Goals: Design and fabricate a microcontroller operated filter management controller. The first goal will be to monitor the outdoor temperature. When the outdoor temp is safely above freezing, enable filter operation. The second goal is to monitor storage tank pressure. When the tank reads low, enable filter operation. This is so easy, I’m not sure why I haven’t started it yet.

Solutions:
Goal number one; using as DS18B20 digital temperature transducer, monitor the outdoor temperature. A simple interrupt driven routine can sample the temperature every N amount of time. If the temperature is above freezing + 5 degrees (to account for any sensor accuracy problems), enable a register in the microcontroller, saying filter operation is allowed. When the temperature is below the set-point, disable filter operation. This should take five or ten lines of code.

Goal number two; using the pressure switch that is already part of my filter, sense the fluid level in the tank. The switch is normally closed, and opens when the storage tank is ‘full’. An interrupt driven routine will sample the state of this switch. When the switch is closed, an input pin on the microcontroller will read low, indicating the tank needs topping-off. The mcu can then set a register enabling operation of the filter.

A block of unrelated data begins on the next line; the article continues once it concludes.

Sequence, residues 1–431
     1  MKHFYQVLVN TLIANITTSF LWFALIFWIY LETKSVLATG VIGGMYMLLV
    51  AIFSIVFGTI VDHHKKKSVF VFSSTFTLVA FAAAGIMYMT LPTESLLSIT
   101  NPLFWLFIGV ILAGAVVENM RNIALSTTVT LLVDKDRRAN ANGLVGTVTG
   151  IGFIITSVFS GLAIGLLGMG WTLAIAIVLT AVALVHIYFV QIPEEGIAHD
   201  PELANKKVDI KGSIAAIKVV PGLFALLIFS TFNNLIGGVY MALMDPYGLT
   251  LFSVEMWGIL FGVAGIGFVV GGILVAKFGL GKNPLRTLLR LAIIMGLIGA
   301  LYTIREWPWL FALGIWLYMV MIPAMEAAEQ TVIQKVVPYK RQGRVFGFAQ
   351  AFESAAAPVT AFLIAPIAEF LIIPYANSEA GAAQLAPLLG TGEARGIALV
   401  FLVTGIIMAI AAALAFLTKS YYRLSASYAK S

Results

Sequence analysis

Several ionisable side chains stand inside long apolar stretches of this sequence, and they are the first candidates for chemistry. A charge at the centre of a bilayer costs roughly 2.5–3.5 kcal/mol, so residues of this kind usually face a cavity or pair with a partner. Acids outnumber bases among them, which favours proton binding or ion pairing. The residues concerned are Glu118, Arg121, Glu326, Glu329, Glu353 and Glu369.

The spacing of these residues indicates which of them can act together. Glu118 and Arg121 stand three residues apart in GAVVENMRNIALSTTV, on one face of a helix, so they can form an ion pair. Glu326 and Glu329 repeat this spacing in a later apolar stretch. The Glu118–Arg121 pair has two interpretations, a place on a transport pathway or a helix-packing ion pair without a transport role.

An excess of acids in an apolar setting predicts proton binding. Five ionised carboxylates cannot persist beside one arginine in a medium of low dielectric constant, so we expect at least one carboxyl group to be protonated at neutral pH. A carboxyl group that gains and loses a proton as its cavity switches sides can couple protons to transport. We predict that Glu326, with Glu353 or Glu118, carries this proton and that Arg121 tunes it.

The microcontroller in its idle loop, can monitor the state of the registers mentioned above, ANDing them together. When both registers are set to enable, the mcu will enable the booster pump and a solenoid valve (sprinkler valve) controlling the water. When either the temperature or pressure registers read disable, the AND will read a zero and filter operation will be suspended. Additional features could include a remote led status display, indicating filter status (temp high/low, pressure high/low, pump and water on/off). Another feature that would be handy is a change filter indicator, which times out every three months, indicating the need to replace the prefilters. I’m not sure how to do this, without including a real time clock, and that doubles the expense of this project. Of course, there are probably simpler means, like counting the oscillations of a 32khz crystal and just waiting for approximately three months worth of time to go by?

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Project: Finishing the MAX1668 temperature sensing data logging clock.